I studied relevant popular apps such as Facebook, Facebook Messenger, Eventbrite, and competitors such as Down to Lunch, Vurb, and Who's Down to address the following questions—
What is the current competitive landscape?
What are these competitors missing?
What worked? What didn’t?
In general, I want Kitiki to not serve identical functions as competitors, but have similarities with popular apps since user will likely be used to the convention and thus have quicker onboarding.
3 - User Storyboarding
Storyboarding a user scenario based on user research data helped me understand the necessary features to be included in the UIUX; the following is a snippet with focus on empathy:
Story 1 (short term/ spur of the moment planning):
John is bored on a Friday night after a long day of work. John wants to check if any of his friends are online and are open to hangout.
Alternatively, Kitiki sent a reminder on a Friday night to John, asking him to check out events happening on that very night.
John opens Kitiki, sees that his favorite friends are available. John picks the friends who he wants to hang out with the most who are also available— Sarah, Peter, and Simon. John thought that Finding Dory might be a common interest, so he creates an invitation to Finding Dory and sends the invite to Sarah, Peter, and Simon.
Peter is not sure if he really wants to watch movie but he does wants to hang out with Peter Sarah and Simon, so he puts maybe; he messaged the group to say hi, and asked if there are other things they want to do— like mini golf. (Ability to suggest event in chat)
John looked at the photos he took during the hangout, felt excited, and decided to share it with the group by uploading photos to the event group chat.
John had a great time hanging out with Sarah and Pete, so he decided to mark them his top friends so the next time when Sarah and Pete are free again, John will automatically get a notification.
4 - Wireframe Sketches & Flow Charts
With inspiration drawn from user research insights, competitive analysis and working with the Kitiki team on understanding the product and current UX evaluation, I started sketching ideas, potential screens, and formulating flow charts encompassing the main hero journey.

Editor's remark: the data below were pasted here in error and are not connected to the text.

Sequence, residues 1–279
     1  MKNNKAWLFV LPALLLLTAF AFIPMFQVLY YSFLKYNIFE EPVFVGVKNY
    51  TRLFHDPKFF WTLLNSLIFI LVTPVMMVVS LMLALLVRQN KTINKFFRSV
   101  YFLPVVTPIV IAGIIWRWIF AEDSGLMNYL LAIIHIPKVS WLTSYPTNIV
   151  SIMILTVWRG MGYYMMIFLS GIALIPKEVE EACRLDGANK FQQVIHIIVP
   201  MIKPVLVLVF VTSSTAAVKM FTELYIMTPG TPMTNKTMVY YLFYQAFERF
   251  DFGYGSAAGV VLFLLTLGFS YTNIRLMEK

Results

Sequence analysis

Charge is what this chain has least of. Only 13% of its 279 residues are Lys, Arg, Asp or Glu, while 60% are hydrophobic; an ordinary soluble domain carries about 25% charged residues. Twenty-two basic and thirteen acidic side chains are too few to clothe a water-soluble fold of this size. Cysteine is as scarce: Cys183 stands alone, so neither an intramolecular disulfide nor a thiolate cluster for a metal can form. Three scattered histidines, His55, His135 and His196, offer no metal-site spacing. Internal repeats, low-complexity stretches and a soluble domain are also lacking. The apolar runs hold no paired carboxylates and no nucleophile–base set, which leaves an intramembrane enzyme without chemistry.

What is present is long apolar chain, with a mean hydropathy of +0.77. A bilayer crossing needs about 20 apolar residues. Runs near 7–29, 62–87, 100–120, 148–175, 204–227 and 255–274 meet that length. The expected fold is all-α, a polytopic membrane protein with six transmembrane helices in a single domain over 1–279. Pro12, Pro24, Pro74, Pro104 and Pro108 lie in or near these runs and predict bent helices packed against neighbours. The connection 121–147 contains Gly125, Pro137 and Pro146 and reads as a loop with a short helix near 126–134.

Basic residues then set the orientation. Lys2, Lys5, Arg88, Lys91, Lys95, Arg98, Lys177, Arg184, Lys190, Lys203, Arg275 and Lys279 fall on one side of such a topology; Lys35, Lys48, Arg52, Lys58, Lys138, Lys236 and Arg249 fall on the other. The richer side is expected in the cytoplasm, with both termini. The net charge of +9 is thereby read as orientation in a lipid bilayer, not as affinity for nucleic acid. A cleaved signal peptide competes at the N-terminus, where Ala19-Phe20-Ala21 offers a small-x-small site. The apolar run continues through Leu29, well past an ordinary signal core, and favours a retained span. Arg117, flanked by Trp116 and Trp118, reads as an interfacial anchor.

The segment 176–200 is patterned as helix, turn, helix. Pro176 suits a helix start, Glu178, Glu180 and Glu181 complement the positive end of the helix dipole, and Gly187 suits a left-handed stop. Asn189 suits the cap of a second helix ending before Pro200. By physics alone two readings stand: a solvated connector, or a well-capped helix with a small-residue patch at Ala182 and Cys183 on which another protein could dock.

Based on findings from user research, story boarding, and competitive analysis, I decided on features that would be beneficial for the app to achieve the objective for the UIUX.
5 - Mid-Fi Digital Wireframes
Using Sketch and sketches that I have done, I began to put the ideas into wireframe, figuring out positions, alignment, typography, states, and layout, etc.
6 - Conclusion
Client was excited and stoked about the new iterations after a few edits and decided to redevelop the entire UX of the app. My contract with Kitiki ended after I prepared some quick UI specs and color suggestions as I moved on to taking my part time visual design class in SF General Assembly.
7 - Post Mortem
1. After a light user testing, a progressive onboarding may have been a good addition for users to quickly understand the purpose of the app.
2. A place in the app where you can see all your friends (including those who are not free at the moment) so you can message them.
3. Set up a grid system for the digital wireframe, spending some amount of time on setting up a grid saves a lot of time later in the development process
4. Could’ve started with designing the smallest screen
Things to consider—
1. The sample size of the survey can be bigger and more user testing can be done. More rigor in this research process could be beneficial.
2. A potential next step could be trying to figure out the distribution of the different calendars used by users, so they can be prioritized in syncing.